Science has established that supplementation with creatine monohydrate increases lean body mass, muscle fiber hypertrophy and strength during resistance training. These beneficial effects are thought to occur via the accumulation of creatine in skeletal muscle where it appears to stimulate transcription factors that control protein synthesis and/or increase phosphocreatine stores.

Phosphocreatine is the primary substrate used to regenerate ATP, the biological currency of energy in working muscles. Therefore, boosting phosphocreatine stores may allow for greater amount of work performed during individual training sessions and a more powerful growth stimulus. However, a recent study has shown that creatine monohydrate may enhance energy production in other ways.

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Canadian researchers have discovered that supplementation with creatine monohydrate in rodents increased the aerobic breakdown of glucose and reduced the production of lactic acid. The aerobic (meaning requires oxygen) energy production pathway is the major pathway of energy metabolism that produces the largest amounts of ATP.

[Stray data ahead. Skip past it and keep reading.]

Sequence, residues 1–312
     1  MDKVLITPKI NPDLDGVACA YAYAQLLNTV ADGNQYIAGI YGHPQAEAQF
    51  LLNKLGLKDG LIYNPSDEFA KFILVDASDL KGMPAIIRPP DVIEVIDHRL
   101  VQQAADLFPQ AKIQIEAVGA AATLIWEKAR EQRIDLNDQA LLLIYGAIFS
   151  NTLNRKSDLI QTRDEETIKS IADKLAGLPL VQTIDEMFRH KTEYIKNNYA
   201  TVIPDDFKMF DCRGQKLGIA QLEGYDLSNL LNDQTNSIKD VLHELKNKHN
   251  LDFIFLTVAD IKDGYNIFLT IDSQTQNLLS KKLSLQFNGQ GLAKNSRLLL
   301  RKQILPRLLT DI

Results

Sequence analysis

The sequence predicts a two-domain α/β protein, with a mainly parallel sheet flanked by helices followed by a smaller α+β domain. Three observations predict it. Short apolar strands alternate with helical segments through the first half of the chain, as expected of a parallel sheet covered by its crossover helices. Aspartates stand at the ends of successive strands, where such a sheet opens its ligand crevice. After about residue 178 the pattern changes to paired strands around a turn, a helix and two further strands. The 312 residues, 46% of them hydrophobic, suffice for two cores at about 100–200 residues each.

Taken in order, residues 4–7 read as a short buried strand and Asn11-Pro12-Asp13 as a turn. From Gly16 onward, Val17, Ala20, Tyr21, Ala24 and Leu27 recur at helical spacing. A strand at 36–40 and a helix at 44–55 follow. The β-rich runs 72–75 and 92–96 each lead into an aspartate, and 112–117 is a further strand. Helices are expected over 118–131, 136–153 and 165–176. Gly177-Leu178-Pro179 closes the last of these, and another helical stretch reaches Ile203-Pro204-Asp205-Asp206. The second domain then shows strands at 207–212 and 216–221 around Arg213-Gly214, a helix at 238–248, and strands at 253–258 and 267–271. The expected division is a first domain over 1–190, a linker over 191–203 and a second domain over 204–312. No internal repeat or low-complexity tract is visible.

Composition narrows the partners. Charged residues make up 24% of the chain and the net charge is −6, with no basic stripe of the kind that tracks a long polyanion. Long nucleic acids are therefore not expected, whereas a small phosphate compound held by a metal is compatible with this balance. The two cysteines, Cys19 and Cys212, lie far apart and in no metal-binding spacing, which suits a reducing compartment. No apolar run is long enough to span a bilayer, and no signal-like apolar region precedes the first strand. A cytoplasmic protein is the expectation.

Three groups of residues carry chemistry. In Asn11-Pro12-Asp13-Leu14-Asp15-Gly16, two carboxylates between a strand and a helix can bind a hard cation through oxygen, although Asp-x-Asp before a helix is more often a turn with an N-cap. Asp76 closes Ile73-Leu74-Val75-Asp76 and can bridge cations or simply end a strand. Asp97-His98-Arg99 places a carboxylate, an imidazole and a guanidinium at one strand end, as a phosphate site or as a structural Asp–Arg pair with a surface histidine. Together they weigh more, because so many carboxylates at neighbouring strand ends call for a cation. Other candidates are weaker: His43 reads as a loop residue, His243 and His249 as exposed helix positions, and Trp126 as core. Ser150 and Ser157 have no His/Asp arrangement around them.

The accumulation of lactic acid in working muscle is a major cause of fatigue and muscle failure. Therefore creatine monohydrate supplementation may enhance energy production in working muscles in more ways than previously suspected.

Source: J Appl Physiol 2010.

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Creatine reduces lactic acid during exercise

by Paul Cribb Ph.D. CSCS. time to read: 1 min